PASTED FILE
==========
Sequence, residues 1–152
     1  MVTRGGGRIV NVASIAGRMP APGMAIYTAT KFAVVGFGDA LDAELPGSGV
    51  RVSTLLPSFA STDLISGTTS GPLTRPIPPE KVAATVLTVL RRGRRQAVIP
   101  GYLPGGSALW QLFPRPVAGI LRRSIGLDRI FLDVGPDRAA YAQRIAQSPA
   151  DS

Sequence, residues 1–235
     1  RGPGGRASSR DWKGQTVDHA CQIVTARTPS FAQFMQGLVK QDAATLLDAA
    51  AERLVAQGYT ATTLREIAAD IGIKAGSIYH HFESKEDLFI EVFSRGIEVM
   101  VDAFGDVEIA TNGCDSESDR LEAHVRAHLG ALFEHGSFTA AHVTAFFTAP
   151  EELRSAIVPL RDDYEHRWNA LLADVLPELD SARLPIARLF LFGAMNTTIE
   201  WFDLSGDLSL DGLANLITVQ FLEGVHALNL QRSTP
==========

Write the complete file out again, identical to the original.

Sequence, residues 1–152
     1  MVTRGGGRIV NVASIAGRMP APGMAIYTAT KFAVVGFGDA LDAELPGSGV
    51  RVSTLLPSFA STDLISGTTS GPLTRPIPPE KVAATVLTVL RRGRRQAVIP
   101  GYLPGGSALW QLFPRPVAGI LRRSIGLDRI FLDVGPDRAA YAQRIAQSPA
   151  DS

Sequence, residues 1–235
     1  RGPGGRASSR DWKGQTVDHA CQIVTARTPS FAQFMQGLVK QDAATLLDAA
    51  AERLVAQGYT ATTLREIAAD IGIKAGSIYH HFESKEDLFI EVFSRGIEVM
   101  VDAFGDVEIA TNGCDSESDR LEAHVRAHLG ALFEHGSFTA AHVTAFFTAP
   151  EELRSAIVPL RDDYEHRWNA LLADVLPELD SARLPIARLF LFGAMNTTIE
   201  WFDLSGDLSL DGLANLITVQ FLEGVHALNL QRSTP